A crucial aspect of the growing
legitimacy of daycare was the conviction that daycare was educational and
thus benefited children...
...The connection between the wartime day care
centers and the public schools had
helped strengthen the connection between day care and education.
-- From A Mothers' Job: The History of Daycare,
1890-1960 by Elizabeth Rose, Oxford University Press, Inc., 1999,
Head Start...generated positive feelings about day care's potential to
improve children's lives. Created in 1965 as part of the War on
Poverty...Its goals combined those of the charitable day nursery with those
of the nursery school.
Ibid, p 213
(Despite its problems*,) Head Start's popularity helped legitimate the idea
of educationally oriented day care for all children.
-- Ibid, p 214
*...Head Start children, compared to
disadvantaged children who had no preschool at all, scored "lower on almost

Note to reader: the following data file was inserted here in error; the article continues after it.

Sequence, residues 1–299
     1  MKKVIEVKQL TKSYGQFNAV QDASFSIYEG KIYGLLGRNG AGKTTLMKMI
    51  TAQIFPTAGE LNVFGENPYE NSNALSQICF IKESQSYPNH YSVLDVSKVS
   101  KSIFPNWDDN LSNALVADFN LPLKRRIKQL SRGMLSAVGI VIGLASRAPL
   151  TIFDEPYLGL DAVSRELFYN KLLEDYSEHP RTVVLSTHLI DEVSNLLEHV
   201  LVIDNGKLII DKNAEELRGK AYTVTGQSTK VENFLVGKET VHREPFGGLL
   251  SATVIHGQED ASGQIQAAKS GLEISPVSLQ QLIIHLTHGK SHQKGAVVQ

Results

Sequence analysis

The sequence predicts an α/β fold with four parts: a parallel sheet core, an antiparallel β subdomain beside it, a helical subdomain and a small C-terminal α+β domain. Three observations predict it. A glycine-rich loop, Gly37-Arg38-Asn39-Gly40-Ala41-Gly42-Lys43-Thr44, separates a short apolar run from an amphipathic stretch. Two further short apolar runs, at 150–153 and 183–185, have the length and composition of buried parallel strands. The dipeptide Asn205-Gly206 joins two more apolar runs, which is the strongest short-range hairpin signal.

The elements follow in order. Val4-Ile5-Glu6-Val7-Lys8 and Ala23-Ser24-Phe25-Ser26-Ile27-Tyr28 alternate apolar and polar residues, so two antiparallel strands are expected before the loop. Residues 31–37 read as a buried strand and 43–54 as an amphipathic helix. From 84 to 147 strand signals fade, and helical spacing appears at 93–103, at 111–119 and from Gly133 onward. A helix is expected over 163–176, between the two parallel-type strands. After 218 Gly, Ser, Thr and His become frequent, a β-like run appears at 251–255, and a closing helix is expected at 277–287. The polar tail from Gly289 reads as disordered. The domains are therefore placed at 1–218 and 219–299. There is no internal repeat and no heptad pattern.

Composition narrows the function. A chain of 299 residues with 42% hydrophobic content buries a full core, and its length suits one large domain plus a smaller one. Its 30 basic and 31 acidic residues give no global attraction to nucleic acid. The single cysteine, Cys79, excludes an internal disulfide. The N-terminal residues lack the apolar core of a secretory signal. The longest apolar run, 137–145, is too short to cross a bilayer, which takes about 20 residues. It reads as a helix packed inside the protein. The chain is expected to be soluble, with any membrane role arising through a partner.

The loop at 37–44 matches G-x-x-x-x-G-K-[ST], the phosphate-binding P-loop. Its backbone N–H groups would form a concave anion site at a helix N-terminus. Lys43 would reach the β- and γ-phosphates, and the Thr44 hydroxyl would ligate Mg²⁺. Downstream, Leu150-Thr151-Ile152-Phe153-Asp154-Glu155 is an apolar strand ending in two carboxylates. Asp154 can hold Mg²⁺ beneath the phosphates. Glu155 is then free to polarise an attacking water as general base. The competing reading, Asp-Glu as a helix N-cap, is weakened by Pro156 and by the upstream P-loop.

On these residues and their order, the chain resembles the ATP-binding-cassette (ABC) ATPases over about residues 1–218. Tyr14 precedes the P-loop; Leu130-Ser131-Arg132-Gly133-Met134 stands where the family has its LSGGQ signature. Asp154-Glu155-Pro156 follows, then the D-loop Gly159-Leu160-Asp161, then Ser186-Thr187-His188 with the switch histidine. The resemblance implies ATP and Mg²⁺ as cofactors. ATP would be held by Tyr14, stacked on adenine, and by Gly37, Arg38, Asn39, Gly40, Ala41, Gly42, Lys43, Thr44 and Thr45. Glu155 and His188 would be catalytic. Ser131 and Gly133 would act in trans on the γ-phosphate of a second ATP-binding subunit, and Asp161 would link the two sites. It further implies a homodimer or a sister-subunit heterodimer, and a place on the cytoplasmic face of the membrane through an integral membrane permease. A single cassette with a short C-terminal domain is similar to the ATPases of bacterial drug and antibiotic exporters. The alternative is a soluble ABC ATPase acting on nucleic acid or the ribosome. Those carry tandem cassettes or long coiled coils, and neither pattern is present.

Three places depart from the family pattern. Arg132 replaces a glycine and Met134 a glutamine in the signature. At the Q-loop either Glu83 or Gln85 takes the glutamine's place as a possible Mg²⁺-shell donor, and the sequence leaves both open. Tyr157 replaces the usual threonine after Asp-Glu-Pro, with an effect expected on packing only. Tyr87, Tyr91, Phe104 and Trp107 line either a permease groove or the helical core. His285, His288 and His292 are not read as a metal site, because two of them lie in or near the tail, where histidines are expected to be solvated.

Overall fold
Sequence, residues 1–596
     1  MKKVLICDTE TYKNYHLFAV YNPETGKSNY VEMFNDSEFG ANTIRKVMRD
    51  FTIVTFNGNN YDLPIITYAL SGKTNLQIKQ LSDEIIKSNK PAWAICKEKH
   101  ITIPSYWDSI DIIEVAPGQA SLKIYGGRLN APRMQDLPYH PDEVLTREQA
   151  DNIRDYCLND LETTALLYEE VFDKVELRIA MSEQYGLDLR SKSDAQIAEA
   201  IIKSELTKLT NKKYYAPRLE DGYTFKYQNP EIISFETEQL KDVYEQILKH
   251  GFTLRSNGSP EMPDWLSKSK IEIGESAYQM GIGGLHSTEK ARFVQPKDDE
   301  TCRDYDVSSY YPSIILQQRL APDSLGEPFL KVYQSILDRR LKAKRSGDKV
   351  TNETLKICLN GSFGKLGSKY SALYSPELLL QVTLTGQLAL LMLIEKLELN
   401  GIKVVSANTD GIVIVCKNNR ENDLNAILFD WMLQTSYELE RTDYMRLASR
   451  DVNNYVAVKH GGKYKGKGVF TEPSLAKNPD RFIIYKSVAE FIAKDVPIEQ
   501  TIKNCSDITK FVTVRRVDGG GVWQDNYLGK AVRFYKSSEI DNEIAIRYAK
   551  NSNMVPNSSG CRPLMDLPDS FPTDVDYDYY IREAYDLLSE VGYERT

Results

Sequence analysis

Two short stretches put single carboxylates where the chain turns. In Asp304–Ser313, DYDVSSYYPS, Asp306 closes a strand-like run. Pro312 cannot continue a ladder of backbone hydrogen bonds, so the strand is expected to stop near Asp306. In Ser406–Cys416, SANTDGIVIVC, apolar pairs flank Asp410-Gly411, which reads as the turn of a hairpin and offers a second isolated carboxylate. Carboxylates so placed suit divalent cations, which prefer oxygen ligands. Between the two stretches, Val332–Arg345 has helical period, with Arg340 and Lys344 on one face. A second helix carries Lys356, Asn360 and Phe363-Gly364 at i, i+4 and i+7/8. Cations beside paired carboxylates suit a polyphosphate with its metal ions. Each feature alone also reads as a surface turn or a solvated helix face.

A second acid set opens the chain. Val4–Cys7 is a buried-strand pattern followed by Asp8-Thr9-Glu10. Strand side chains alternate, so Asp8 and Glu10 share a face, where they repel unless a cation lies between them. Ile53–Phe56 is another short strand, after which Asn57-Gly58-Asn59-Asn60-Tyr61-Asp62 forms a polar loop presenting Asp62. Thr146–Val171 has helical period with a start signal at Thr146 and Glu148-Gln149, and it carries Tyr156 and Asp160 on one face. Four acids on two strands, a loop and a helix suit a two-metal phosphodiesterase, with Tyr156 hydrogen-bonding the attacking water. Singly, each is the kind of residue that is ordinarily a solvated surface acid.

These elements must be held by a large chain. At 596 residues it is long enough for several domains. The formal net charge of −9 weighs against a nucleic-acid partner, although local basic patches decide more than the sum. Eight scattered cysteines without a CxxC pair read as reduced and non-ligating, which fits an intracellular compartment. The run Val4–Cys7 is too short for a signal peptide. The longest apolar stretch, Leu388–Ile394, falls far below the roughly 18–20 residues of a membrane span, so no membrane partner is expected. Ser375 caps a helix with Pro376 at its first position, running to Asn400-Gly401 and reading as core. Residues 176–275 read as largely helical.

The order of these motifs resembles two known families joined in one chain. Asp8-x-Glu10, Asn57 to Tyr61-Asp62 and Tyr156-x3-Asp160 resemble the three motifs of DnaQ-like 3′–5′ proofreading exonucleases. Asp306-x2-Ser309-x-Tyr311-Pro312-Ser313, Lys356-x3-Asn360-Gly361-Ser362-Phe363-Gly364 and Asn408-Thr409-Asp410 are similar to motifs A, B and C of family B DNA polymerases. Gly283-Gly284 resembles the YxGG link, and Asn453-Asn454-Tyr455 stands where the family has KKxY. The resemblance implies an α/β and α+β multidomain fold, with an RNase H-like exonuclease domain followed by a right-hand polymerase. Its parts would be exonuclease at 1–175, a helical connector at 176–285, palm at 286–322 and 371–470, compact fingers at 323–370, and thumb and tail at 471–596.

all measures [upon entering school]."
-- From Day Care Deception -- What
the Child Care Establishment isn't telling us by Brian C.
Robertson, Encounter Books,
©2003, page 85
*University of Chicago's Benjamin Bloom, Head Start's "Father", ...and
others, have long considered Head Start a failure.
-- From Who Will Rock the Cradle, edited by Phyllis
Schlafly, ©1989, page 88
... National Organization for Women's... 1968 Bill of Rights called for the
establishment of child care facilities on the same basis as parks,
libraries, and public schools. Radical feminist groups also called for
full-time childcare to be provided for all children in the public schools...
-- Elizabeth Rose, Op. Cit., p 213